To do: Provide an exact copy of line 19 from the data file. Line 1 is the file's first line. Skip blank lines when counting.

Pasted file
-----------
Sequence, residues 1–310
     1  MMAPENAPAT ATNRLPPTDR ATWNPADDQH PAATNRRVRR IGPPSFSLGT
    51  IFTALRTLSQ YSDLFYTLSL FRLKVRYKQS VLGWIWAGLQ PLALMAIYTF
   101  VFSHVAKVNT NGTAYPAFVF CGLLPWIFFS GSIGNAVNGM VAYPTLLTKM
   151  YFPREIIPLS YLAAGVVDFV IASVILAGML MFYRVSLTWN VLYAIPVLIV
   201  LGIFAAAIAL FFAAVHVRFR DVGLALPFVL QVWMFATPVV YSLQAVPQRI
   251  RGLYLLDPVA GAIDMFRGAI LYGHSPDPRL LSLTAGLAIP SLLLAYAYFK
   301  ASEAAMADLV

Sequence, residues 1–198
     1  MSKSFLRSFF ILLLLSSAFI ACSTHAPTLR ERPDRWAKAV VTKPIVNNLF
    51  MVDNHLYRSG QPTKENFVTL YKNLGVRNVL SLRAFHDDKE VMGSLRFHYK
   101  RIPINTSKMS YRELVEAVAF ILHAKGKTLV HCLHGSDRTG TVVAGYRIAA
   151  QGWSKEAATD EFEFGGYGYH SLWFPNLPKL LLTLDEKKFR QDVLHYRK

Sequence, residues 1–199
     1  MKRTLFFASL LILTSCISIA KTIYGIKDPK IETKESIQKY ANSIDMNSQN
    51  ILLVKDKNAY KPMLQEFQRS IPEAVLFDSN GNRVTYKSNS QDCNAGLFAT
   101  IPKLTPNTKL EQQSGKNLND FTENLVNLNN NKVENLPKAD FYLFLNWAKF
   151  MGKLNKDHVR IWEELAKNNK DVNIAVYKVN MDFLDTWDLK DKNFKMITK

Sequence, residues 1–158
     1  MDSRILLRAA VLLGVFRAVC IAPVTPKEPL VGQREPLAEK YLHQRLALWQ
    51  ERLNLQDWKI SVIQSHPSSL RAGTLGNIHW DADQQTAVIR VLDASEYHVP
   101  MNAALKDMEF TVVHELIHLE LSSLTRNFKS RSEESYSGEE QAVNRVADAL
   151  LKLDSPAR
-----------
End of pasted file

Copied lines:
Sequence, residues 1–158